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19 May 2011

The Kitschification of Free Speech

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The kitschification of free speech is the reduction of a lofty idea to a grotesque form that appeals to those whose interests consist only of cliché phrases, trite expressions and 10 second dog whistle soundbites. Kitschified speech is the trivialization of important social and political issues. It is an intentionally offensive expression masquerading as free speech and hiding behind a façade of communication of ideas. Kitschified speech is fast becoming the new normal of free speech because it appeals to society’s lowest common denominator. Kitschified speech has mass appeal and is sold to the masses. There is no compelling message, no real appeal to social consciousness and little value except for the profit tee shirt sellers enjoy. Kitschified speech is the distorted reflection of free speech as seen in a fun house mirror.
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If free speech is to mean anything we must learn to recognize true expression from the distorted for-profit kitsch-speech.
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Supreme Court Justice Potter Stewart wrote about the difficulty of defining “speech” in the landmark First Amendment case Jacobellis v. Ohio 378 U.S. 184 (1964). In his concurring opinion regarding the definition of “obscenity,” Justice Stewart wrote:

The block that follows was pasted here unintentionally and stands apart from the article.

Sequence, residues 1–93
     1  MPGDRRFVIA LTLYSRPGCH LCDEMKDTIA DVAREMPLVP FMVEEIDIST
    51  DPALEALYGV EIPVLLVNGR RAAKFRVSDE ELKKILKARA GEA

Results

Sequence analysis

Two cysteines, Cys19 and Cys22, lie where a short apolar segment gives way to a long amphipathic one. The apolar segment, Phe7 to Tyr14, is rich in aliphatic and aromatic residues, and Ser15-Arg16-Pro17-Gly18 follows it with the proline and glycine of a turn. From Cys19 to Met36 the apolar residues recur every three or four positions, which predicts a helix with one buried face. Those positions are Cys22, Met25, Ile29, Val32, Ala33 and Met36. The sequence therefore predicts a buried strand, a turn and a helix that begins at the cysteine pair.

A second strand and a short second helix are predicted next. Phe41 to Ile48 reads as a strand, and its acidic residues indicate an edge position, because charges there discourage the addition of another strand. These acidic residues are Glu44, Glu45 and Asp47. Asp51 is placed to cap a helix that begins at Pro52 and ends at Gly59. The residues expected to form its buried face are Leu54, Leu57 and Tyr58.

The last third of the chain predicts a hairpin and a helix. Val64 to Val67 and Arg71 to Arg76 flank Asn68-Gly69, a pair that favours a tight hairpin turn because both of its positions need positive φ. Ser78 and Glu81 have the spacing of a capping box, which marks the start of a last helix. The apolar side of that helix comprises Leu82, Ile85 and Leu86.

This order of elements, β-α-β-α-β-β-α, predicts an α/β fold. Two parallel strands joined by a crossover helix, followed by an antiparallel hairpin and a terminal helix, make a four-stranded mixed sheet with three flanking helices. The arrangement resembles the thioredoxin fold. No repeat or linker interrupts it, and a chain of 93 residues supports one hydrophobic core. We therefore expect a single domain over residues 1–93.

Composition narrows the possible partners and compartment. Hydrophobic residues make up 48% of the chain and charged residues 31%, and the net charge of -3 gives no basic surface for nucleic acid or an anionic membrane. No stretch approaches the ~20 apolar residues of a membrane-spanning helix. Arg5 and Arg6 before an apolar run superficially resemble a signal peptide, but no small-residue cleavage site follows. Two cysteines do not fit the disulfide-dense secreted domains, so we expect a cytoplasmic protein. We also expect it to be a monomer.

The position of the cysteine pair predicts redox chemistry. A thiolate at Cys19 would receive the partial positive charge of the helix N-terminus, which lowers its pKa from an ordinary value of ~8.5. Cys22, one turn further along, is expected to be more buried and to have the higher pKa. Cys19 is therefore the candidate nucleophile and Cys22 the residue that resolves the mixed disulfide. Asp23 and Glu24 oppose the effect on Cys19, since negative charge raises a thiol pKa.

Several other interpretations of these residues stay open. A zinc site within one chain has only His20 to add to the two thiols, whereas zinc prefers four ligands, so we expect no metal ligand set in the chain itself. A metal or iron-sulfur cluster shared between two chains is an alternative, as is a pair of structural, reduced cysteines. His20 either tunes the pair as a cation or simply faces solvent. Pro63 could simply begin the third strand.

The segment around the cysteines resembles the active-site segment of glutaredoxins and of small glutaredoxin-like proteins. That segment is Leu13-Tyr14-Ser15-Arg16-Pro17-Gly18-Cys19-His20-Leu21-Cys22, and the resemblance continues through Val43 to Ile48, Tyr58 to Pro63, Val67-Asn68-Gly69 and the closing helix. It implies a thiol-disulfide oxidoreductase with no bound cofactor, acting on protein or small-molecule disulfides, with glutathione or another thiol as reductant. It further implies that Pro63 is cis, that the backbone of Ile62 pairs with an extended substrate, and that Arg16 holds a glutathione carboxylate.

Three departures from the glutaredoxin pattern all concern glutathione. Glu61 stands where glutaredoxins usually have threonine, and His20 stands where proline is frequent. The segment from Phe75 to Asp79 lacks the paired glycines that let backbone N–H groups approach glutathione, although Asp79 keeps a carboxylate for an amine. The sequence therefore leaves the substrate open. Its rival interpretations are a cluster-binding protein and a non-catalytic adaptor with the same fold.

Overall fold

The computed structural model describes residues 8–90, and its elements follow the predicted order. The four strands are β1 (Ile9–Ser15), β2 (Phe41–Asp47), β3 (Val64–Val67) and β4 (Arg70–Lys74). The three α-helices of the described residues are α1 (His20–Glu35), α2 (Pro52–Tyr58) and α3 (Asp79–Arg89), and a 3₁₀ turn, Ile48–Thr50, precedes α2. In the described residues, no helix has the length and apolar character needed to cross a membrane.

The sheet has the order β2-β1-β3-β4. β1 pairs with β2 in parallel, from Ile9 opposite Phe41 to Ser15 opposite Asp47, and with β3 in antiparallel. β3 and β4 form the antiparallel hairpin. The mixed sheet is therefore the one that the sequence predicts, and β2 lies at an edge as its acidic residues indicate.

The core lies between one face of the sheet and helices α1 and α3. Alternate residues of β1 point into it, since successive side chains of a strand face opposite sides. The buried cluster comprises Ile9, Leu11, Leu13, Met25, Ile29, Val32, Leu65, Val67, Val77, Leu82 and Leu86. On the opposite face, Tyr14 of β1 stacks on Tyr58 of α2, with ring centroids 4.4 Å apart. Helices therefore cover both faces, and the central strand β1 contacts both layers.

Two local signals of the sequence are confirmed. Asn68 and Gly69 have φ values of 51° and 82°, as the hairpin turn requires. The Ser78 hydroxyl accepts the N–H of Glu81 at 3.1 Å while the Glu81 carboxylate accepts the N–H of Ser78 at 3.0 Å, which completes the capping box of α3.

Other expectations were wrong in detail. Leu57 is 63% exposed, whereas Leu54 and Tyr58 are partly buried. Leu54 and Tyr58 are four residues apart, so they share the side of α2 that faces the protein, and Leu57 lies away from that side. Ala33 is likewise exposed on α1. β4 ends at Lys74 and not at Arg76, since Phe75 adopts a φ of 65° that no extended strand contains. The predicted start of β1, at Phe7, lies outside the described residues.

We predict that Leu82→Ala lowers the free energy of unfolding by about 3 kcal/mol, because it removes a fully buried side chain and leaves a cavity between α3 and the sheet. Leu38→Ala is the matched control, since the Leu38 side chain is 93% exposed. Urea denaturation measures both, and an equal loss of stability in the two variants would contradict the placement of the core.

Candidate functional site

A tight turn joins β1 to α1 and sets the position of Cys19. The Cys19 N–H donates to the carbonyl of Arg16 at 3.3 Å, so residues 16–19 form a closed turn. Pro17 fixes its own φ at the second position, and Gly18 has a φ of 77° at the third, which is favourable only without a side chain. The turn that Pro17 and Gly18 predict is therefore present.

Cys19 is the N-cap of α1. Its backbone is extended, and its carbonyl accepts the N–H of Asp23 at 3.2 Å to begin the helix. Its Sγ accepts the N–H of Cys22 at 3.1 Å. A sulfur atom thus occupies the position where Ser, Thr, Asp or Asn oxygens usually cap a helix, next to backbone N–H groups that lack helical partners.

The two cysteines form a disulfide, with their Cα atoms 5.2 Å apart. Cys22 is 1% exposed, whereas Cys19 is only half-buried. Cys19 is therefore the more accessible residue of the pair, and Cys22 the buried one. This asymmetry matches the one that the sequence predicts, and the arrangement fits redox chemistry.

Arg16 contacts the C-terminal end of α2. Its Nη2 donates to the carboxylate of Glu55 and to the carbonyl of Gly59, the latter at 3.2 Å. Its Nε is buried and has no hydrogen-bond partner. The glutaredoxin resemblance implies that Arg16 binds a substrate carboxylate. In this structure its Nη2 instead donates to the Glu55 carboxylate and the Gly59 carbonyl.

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I shall not today attempt further to define the kinds of material I understand to be embraced within that shorthand description [“hard-core pornography”]; and perhaps I could never succeed in intelligibly doing so. But I know it when I see it . . .
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    The invaluable freedom to express ideas without the fear of retaliation by governments, groups or individuals has become a tacky banner carried forth by those who seek only to capitalize on the issue du jour. The recent flood of tee shirt designs that exploit the death of Osama bin Laden is an excellent example of the kistchification of free speech – insensitive, tacky, offensive, mass marketed kitsch. It is the difference between a picture of Elvis Presley or poker playing dogs on black velvet and a painting by Leonardo da Vinci. It is sometimes hard to define, but you know it when you see it.



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